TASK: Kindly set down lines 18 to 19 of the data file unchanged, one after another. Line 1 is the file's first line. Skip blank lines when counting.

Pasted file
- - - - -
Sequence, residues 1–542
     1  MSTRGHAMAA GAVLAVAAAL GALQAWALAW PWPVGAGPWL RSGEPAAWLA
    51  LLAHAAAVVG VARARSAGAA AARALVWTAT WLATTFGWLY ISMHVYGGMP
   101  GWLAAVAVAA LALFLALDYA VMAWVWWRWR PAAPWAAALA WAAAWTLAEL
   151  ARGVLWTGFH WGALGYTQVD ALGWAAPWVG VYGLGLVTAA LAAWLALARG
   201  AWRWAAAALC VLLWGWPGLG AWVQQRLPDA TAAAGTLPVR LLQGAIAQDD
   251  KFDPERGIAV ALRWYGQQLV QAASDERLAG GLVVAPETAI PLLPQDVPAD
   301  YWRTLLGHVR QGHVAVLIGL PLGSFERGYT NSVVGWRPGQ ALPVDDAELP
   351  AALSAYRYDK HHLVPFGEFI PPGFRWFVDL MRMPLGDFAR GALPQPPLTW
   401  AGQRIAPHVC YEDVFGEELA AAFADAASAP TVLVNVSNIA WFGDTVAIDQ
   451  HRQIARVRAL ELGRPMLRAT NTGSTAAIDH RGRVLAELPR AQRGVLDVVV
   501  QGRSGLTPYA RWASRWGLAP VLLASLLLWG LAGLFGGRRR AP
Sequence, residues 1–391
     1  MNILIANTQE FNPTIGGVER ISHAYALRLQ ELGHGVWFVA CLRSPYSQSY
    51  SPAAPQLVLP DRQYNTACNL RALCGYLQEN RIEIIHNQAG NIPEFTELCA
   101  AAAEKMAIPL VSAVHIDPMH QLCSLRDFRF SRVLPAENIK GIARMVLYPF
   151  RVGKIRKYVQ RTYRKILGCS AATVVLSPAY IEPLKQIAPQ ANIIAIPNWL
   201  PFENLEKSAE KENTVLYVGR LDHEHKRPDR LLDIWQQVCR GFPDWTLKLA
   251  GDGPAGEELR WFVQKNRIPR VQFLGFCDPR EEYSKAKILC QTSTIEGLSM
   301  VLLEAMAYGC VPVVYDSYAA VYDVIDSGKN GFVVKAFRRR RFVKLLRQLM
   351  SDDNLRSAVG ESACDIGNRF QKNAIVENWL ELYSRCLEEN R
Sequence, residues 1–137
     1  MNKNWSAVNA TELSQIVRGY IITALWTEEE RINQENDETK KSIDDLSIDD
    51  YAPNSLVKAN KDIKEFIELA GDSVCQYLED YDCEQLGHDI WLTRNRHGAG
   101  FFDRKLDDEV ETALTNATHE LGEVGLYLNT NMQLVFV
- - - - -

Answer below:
   201  PFENLEKSAE KENTVLYVGR LDHEHKRPDR LLDIWQQVCR GFPDWTLKLA
   251  GDGPAGEELR WFVQKNRIPR VQFLGFCDPR EEYSKAKILC QTSTIEGLSM